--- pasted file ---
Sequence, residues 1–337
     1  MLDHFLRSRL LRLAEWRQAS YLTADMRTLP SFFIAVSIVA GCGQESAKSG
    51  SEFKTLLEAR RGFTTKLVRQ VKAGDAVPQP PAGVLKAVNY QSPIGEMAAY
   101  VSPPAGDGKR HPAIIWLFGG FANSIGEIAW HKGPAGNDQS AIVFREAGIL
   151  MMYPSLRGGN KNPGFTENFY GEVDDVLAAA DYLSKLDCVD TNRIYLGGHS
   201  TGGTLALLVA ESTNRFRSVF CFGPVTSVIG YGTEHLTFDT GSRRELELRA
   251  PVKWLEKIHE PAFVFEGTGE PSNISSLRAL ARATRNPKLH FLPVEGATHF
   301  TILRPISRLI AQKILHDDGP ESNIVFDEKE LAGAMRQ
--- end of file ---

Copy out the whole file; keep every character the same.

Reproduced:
Sequence, residues 1–337
     1  MLDHFLRSRL LRLAEWRQAS YLTADMRTLP SFFIAVSIVA GCGQESAKSG
    51  SEFKTLLEAR RGFTTKLVRQ VKAGDAVPQP PAGVLKAVNY QSPIGEMAAY
   101  VSPPAGDGKR HPAIIWLFGG FANSIGEIAW HKGPAGNDQS AIVFREAGIL
   151  MMYPSLRGGN KNPGFTENFY GEVDDVLAAA DYLSKLDCVD TNRIYLGGHS
   201  TGGTLALLVA ESTNRFRSVF CFGPVTSVIG YGTEHLTFDT GSRRELELRA
   251  PVKWLEKIHE PAFVFEGTGE PSNISSLRAL ARATRNPKLH FLPVEGATHF
   301  TILRPISRLI AQKILHDDGP ESNIVFDEKE LAGAMRQ